Monday, May 27, 2013

281_Anti Nuke's anger at authority is at a critical mass | The Japan Times

More than two years after the triple reactor meltdowns at the Fukushima No. 1 nuclear power plant, hundreds of thousands of residents of the Tohoku region of northeastern Honshu remain displaced, the power station teeters on the brink of further disaster and large swaths of northern Japan are so irradiated they’ll be uninhabitable for generations to come. But today in Tokyo, it is as though March 11, 2011, never happened. The streets are packed with tourists and banners herald the city’s 2020 Olympic bid; the neon lights are back on and all memories of post-meltdown power savings seem long forgotten.
Given this apparent mood of collective amnesia, the large poster on a wall near Shibuya Station comes as a surprise. It shows a little girl wearing a long red dress stenciled with the words “3.11 is not over” — nearby another poster depicts a Rising Sun flag seeping blood and the message “Japan kills Japanese.”
These posters — and dozens of others pasted around Tokyo — are the work of Japanese artist 281_Anti Nuke. While the origins of his chosen name are murky, the way in which his subversively simple images force passersby to stop — and think — has led to comparisons with British street artist Banksy. 281′s designs have also made him a target for Japan’s far right, who have branded him a dangerous criminal and urged the public to help put a stop to his activities.
This degree of controversy has forced 281 to wrap his true identity in a veil of secrecy, but after a convoluted series of negotiations, he finally agreed to his first newspaper interview. Throughout the meeting in a Shibuya coffee shop, 281 wore a cotton face mask and dark glasses; a disguise which helped him blend in seamlessly among the capital’s fashion-conscious hay-fever sufferers.
“On March 11, 2011, I was in Tokyo when the earthquake hit. I’d never experienced anything like that before. It felt like a bad dream,” 281 explained in a soft-spoken voice belying the fury of his designs.
Like the other 13 million residents of Tokyo, he survived the initial quake unharmed, but the following weeks triggered a seismic shift in his political outlook: “Before March 2011, I’d never been involved in activism of any kind. I’d trusted the Japanese government. But then the cracks started appearing,” he said.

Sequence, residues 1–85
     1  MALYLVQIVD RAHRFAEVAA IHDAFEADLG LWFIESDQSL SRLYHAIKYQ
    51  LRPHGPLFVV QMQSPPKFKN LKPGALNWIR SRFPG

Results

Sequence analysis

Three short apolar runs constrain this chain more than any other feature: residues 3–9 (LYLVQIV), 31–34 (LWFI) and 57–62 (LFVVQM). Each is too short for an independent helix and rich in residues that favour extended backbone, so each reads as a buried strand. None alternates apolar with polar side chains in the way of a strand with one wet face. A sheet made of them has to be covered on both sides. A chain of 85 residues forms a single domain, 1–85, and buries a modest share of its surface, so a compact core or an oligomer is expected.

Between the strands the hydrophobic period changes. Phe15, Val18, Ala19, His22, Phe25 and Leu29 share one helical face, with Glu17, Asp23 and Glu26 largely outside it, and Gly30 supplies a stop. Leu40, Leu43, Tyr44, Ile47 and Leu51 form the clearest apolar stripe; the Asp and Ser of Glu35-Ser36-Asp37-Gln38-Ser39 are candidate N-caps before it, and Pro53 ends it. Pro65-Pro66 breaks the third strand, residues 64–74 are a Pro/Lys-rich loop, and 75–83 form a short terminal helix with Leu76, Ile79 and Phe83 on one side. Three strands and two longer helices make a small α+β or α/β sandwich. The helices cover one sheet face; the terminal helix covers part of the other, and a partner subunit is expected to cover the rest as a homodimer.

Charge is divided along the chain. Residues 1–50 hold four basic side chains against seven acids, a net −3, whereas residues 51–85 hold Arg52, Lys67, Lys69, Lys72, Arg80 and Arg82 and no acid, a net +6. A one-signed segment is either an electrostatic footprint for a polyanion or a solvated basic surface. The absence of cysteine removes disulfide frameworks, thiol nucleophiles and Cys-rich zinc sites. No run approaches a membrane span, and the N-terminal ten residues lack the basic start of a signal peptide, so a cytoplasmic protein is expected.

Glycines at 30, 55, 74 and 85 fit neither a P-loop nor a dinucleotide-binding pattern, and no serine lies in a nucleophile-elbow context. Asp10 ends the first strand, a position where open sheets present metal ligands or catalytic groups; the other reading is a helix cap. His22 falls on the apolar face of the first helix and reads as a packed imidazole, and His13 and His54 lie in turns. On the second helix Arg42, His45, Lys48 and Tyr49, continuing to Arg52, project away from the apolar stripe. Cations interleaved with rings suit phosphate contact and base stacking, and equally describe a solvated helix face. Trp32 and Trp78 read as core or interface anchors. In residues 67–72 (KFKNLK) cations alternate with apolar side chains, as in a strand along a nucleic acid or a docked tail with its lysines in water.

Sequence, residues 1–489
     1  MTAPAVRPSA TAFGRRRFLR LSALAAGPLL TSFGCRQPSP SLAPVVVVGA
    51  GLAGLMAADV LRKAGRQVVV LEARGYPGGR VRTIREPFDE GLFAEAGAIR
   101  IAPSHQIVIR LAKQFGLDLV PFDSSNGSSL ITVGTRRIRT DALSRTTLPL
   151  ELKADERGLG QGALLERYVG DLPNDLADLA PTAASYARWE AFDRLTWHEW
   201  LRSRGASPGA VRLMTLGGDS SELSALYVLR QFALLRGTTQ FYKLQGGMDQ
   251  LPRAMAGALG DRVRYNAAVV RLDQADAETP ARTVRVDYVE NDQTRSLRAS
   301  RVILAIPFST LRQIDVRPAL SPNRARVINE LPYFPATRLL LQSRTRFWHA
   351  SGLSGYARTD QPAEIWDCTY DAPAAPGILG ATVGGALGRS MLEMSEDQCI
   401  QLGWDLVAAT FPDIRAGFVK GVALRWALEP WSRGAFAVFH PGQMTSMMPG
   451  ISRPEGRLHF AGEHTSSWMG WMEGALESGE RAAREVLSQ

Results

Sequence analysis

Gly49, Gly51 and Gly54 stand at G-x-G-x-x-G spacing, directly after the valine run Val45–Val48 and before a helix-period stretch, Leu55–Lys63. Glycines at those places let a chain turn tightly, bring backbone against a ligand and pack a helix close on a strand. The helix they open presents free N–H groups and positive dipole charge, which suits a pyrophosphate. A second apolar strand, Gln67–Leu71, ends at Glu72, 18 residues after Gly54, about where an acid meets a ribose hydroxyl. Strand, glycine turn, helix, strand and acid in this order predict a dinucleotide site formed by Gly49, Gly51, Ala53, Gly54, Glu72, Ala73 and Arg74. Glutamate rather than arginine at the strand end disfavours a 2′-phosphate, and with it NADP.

First there were the revelations that the government had concealed the meltdowns, followed by news that they had hidden information regarding the dispersal of radiation. 281 came to the conclusion that there was very little natural about this disaster: It had occurred as a result of ties between the Japanese government and the nuclear power station’s operators, Tokyo Electric Power Co. (Tepco) — both of which were now determined to keep the truth hidden from the public.
Three months after the meltdowns, 281′s anger reached critical mass and he felt compelled to take action. Despite having no background in art, he decided that the best way to spread awareness was to take his message to the streets.
The first design he created was a three-eyed gas mask with two mouth pieces and the word “Pollution” written below it. The image satirized the logo of Tepco, which was as recognizable to most Japanese residents as the golden arches of McDonald’s or the Nike swoosh. 281 printed the gas mask onto 20-cm-tall stickers then stuck them around central Tokyo — on abandoned buildings and construction-site barricades. He avoided private property, but had few qualms targeting the city’s ubiquitous Tepco meter boxes and electric transformer units.

Over the following months, 281 put up hundreds more posters and stickers to remind the public what, he believed, the Japanese government and Tepco were conspiring to make people forget. His best-known image depicts a little girl wearing a poncho and rubber galoshes; beneath her feet is the message, “I hate rain,” punctuated with a triple-triangle radiation mark...

more > 281_Anti Nuke's anger at authority is at a critical mass | The Japan Times

see also
whats up: 281_Anti nuke - Documentary Trailer

食べ物に気を付けろ :: CARE YOUR FOOD • 281antinuke

食べ物に気を付けろ :: CARE YOUR FOOD


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